Hewell Grange

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Hewell Grange
Hewell.jpg
Hewell Grange
General information
Architectural style Jacobethan
Town or city Tardebigge
Country United Kingdom United Kingdom
Construction started 1884
Completed 1891
Client Robert Windsor-Clive, 1st Earl of Plymouth
Design and construction
Architect George Frederick Bodley & Thomas Garner
Designations Grade II* listed
This article is about the country house and estate. For Hewell Prison, see Hewell (HM Prison).

Hewell Grange is a country house in Tardebigge, Worcestershire, England. "One of the most important late 19th century country houses in England",[1] the mansion was built in 1884-91 by George Frederick Bodley & Thomas Garner for the Earl of Plymouth. Constructed in the Jacobethan[1] style, it was "perhaps the last Victorian prodigy house."[1] It is a Grade II* listed building.[2] The park was developed by both Capability Brown and Humphry Repton[3] and is on the National Register of Historic Parks and Gardens. The lake is a Site of Special Scientific Interest(SSSI).

Origins[edit]

The land was originally part of the estates of Bordesley Abbey. At the Dissolution of the Monasteries the property passed to Thomas Windsor Hickman.

Development[edit]

The estate remained a seat of the Windsor-Clive family (who were made Earls of Plymouth) until it was sold to the state in the 20th century. There are several ruins of earlier houses on the estate, and a large number of listed buildings, structures and statues.[4]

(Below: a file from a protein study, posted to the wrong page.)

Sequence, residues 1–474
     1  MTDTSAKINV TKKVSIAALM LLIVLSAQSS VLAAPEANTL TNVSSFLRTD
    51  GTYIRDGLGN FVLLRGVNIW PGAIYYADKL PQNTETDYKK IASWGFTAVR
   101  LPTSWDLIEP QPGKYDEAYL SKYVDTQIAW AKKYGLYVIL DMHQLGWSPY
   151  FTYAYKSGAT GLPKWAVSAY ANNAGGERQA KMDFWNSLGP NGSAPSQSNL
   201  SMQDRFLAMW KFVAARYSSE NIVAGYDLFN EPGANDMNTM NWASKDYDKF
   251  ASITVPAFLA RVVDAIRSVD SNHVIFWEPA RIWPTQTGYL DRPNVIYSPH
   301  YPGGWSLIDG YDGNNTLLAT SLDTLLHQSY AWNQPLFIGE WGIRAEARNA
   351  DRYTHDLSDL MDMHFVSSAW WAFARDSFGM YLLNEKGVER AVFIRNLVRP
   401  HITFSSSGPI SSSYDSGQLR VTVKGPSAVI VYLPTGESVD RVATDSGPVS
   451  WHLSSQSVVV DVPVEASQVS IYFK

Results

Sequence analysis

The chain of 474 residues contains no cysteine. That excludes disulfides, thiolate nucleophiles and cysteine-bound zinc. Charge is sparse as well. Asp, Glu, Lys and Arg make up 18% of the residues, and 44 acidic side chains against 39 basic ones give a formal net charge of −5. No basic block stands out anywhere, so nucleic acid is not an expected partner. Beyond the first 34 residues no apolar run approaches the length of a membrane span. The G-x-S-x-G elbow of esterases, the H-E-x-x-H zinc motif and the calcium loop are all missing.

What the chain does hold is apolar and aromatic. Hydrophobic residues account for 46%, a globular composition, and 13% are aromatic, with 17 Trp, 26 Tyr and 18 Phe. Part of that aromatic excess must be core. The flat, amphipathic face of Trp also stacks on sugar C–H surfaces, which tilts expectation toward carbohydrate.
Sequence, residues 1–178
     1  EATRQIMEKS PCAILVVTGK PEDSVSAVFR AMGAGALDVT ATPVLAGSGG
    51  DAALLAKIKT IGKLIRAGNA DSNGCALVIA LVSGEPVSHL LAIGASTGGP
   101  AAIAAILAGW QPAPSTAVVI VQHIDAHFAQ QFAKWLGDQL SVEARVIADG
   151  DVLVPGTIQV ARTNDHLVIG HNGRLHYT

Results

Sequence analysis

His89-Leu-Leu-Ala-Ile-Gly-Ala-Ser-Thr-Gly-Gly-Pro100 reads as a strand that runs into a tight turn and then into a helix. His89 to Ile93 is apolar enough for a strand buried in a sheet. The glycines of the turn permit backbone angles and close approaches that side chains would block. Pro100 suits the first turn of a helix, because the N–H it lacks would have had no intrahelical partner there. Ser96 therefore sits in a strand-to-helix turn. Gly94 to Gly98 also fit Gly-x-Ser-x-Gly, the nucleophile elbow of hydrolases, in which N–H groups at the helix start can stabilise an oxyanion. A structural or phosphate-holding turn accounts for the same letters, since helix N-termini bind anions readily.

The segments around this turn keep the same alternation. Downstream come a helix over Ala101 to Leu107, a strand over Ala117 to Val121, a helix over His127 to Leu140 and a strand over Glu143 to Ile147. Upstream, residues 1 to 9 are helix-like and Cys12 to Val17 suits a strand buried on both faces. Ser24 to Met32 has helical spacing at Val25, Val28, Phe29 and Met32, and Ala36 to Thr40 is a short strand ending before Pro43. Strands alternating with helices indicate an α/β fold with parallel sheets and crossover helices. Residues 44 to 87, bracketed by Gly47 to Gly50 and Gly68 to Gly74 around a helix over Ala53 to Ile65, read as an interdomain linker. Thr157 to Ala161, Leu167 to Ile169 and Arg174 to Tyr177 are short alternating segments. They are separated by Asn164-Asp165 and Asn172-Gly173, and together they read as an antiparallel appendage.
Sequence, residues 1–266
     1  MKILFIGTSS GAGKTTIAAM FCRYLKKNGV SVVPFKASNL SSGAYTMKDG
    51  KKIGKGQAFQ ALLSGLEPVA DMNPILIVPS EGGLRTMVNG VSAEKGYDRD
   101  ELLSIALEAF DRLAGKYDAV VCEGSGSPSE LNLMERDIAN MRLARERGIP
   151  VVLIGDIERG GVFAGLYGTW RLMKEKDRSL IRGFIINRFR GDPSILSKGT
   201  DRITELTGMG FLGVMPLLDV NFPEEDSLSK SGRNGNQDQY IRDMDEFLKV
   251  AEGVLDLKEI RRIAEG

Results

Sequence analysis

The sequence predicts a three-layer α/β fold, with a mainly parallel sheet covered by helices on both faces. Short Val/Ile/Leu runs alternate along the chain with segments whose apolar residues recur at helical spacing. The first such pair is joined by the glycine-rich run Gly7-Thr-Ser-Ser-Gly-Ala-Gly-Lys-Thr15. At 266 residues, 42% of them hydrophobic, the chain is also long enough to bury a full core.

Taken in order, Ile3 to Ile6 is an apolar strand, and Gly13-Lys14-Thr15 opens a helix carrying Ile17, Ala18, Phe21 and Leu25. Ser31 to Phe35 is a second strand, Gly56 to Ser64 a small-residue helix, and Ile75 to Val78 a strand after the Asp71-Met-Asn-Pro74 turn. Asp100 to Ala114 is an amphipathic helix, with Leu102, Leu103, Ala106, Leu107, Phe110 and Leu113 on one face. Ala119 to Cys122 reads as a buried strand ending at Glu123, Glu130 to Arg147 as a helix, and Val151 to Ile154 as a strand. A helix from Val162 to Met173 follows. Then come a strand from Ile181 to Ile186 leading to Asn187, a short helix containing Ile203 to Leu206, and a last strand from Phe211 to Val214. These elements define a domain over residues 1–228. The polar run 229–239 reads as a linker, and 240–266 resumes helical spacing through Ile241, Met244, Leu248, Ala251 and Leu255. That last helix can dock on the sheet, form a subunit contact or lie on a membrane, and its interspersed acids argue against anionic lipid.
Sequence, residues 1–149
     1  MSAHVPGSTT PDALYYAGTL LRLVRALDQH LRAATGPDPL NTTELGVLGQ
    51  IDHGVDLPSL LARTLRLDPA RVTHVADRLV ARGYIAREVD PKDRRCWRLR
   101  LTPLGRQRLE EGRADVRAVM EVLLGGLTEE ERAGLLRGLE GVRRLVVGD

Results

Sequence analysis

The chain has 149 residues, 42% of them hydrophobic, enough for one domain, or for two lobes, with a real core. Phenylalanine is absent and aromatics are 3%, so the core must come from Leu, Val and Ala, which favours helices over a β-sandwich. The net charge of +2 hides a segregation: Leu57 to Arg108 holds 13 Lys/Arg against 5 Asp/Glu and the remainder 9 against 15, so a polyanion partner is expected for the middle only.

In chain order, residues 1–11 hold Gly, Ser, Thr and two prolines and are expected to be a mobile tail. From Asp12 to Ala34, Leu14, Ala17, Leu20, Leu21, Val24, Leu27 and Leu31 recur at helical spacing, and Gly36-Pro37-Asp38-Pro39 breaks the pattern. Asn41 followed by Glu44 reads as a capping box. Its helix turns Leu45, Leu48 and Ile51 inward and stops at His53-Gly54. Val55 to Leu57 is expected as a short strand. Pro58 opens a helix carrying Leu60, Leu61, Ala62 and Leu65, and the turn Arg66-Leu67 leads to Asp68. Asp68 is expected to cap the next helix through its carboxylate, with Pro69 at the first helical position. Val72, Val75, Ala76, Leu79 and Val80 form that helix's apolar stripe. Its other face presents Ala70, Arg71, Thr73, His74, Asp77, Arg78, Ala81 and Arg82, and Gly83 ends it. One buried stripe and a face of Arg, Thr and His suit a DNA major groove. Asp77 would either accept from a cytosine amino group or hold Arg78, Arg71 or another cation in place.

Robert Windsor-Clive, 1st Earl of Plymouth (1857–1923) commissioned Bodley and Garner to build the current house in 1884–91.

The ruin of the Old Grange built by Thomas Cundy

The House[edit]

The House is of Cheshire Red Sandstone[5] with a tile roof. It is of an Elizabethan E-plan, modelled on Montacute House, Somerset.[3] The exterior is Jacobethan, of three storeys, the interior Italianate.[5] The house is dominated by the massive Great Hall, comprising half the total space of the house.[6] The elaborate decoration is largely "well-preserved."[6] The Chapel in the porch contains carving by Detmar Blow.[2]

Prison[edit]

Main article: Hewell (HM Prison)

The house was used as a Borstal from 1946 to 1991, when it became HM Prison Hewell Grange, a Category D open prison.

Lodge House[edit]

At the former North West entrance to the estate on the B4096 are two Grade II listed lodge houses, dating back to the 1830s. They were designed in neo classical style with Doric columns by Thomas Cundy. These are now private residences, separate to the prison.

See also[edit]

Notes[edit]

  1. ^ a b c Brooks & Pevsner, p. 625
  2. ^ a b Historic England. "Details from listed building database (1100160)". National Heritage List for England. Retrieved 18 April 2012. 
  3. ^ a b Brooks & Pevsner, p. 626
  4. ^ Good Stuff IT Services. "Search: +Hewell +Grange". British Listed Buildings. Retrieved 18 April 2012. 
  5. ^ a b Good Stuff IT Services (15 August 1903). "Hewell Grange - Tutnall And Cobley - Worcestershire - England". British Listed Buildings. Retrieved 18 April 2012. 
  6. ^ a b Brooks & Pevsner, p. 627

References[edit]

External links[edit]

Coordinates: 52°19′17″N 1°59′35″W / 52.3214°N 1.9931°W / 52.3214; -1.9931